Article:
Elizabeth Johnson, C.S.J., responds to the USCCB
Elizabeth Johnson, CSJ, has finally responded, at length, to the public critique of her book Quest for the Living God, by the USCCB's Committee on Doctrine. It is a wise, learned and gracious response that also demonstrates Sister Johnson's superlative command of the theological questions raised by the Committee. Reading her lucid response words will help those unfamiliar with her work see why her books are so valued by students, readers and other theologians. Her introduction reads:
The first observation I would like to make underscores the obvious: Quest for the Living God is a work of theology. It is not a catechism, nor a compendium of doctrine, nor does it intend to set out the full range of church teaching on the doctrine of God. Rather, it presents areas of Christian life and study where the mystery of the living God is being glimpsed anew in contemporary situations. Hence the subtitle, Mapping Frontiers.
To be specific: Listening to theologies emerging within distinct contexts in the church, Quest presents ideas and images of God surfacing, being tested, piritually prayed, and ethically lived out in eight different conversations: in transcendental, political, liberation, feminist/womanist, black, Latino/Latina, interreligious, and ecological theologies. Each of these conversations wrestles with the word of God amid, respectively, the onslaught of atheism; massive public suffering; the oppression of poverty, sexism, racism, and ethnic prejudice; respectful encounter with other religions; and the amazing discoveries of science. The book culminates, quite deliberately, in a chapter on the Christian belief in God as Trinity, to which I suggest all these different discourses have been contributing rich angles of understanding. Quest is offered to readers as an invitation to think about their own idea of the living God in view of this new scholarship.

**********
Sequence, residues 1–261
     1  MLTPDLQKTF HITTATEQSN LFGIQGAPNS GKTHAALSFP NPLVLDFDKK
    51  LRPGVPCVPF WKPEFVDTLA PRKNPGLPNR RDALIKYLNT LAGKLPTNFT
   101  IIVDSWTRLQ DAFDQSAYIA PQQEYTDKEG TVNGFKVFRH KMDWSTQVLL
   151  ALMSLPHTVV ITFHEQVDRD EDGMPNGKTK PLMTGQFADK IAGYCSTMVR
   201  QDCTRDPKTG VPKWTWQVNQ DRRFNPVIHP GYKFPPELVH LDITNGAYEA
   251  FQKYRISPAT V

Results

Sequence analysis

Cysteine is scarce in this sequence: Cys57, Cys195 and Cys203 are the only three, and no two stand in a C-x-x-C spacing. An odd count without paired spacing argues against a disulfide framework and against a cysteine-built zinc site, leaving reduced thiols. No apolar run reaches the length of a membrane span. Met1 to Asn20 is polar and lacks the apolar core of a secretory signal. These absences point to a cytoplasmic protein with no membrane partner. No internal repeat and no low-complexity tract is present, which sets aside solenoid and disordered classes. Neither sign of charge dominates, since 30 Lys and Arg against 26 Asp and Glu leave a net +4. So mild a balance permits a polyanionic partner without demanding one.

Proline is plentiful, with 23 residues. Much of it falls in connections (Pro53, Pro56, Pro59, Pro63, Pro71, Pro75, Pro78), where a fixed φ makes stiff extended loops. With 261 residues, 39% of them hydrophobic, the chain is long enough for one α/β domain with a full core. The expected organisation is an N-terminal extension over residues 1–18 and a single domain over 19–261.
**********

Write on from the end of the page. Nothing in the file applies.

As a whole, it seems to me, the book illustrates the dynamic process described by the Second Vatican Council’s Dogmatic Constitution on Divine Revelation (Dei Verbum): For there is growth in understanding of the realities and the words which have been handed down. This happens through the contemplation and the study made by believers, who treasure these things in their hearts (Lk 2:19, 51), through the intimate understanding of spiritual things they experience, and through the preaching of those who have received through episcopal succession the sure gift of truth. (§8) Precisely this type of activity is illuminated in each chapter of Quest; for example, the idea of the liberating God emerging through the experience of struggle, prayer, and study done by the church of the poor in Latin America.
It appears that part of the present difficulty stems from the Statement’s reading my book as if it belonged to a genre other than theology. Theological research does not simply reiterate received doctrinal formulas but probes and interprets them in order to deepen understanding. To do this well, theology
throughout history has articulated faith in different thought forms, images, and linguistic expressions. Its work employs all manner of methods and ideas taken from other disciplines in order to shed light on the meaning of faith.
Her entire letter to the USCCB is on NCR's website here.
James Martin, SJ